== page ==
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Silk was discovered in a cup of tea-Do you know?

Silk Fiber Types - According to Industrial Uses and Silkworm / 5 Types of Silk Worm / Silk was discovered in a cup of tea-Do you know?

Silk is known as the Queen of all textile fibers because of its luster. It is one of the most beautiful and precious fibers. But do you know; how silk was discovered?

Discovery Of Silk Fibre


As narrates Confucius, Lei Zu; who was the wife of the Yellow Emperor Huangdi; discovered silk in 2,700 BC after a cocoon dropped into her tea; and as she attempted to pull it out; silk thread unraveled. Whether the account is true or not; Lei Zu is now renowned through China as the Goddess of Silkworms (Seini-Than).

China not only discovered silk long ago; but also pioneered silk dyeing in different colors.

During ancient times; white silk was achieved by feeding home-grown silkworms only with leaves of white (garden) mulberry during the breeding period. To get yellow silk; the silkworms were fed with Je tree (wild mulberry growing in mountains) leaves during the first half of their life; and garden mulberry leaves in the second.

Ancient Chinese also used to dye fabrics using natural dye sources such as red dye from madder root; yellow from Jinzi fruits, dark red from ochre; and white from mineral dye.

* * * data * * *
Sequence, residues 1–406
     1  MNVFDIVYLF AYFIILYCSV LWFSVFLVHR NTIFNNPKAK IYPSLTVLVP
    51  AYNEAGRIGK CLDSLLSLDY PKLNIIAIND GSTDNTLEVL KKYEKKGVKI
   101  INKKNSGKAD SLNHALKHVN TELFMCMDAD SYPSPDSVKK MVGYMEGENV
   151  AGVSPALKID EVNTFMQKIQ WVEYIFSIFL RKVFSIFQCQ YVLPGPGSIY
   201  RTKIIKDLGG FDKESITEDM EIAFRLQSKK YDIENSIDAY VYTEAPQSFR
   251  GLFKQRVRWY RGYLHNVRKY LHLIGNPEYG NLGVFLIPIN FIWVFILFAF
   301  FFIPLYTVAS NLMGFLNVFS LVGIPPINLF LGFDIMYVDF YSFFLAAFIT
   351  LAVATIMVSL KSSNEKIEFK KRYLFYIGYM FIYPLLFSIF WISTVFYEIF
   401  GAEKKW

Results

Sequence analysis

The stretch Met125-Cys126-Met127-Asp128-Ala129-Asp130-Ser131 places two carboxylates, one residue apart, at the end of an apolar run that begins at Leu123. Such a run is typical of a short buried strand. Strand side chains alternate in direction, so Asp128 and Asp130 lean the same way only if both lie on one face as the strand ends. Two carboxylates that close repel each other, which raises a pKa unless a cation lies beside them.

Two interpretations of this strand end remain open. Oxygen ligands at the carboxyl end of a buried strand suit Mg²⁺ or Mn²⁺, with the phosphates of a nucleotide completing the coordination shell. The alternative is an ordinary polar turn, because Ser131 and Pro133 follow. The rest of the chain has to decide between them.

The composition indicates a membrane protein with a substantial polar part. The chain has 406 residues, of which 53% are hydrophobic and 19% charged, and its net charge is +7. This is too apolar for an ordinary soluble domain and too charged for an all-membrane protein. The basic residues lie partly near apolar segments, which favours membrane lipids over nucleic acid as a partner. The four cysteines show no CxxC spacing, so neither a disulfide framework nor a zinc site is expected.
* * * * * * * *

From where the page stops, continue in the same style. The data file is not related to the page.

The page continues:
Silk as Currency

Although ancient China had copper coins as a medium of exchange, silk naturally remained the medium of exchange in Central Asia for centuries because it was the most popular commodity along the Silk Road route.

According to Kharosthi documents that date to late third or early fourth century AD, silk fabric and garments were used in Central Asia to pay for transactions. (Discovery Of Silk Fibre)

Chinese documents originating from Turpan also show that bolts of silk were used as money. Silk was so dominant that coins were valued in terms of bolts of silk.

For instance, the price of a woman was forty one bolts of silk. Monks who broke Buddhist monastery rules were charged fines in terms of bolts of silk. A female slave was worth three and a half bolts of Kucha silk in the fifth century. Can you imagine? 


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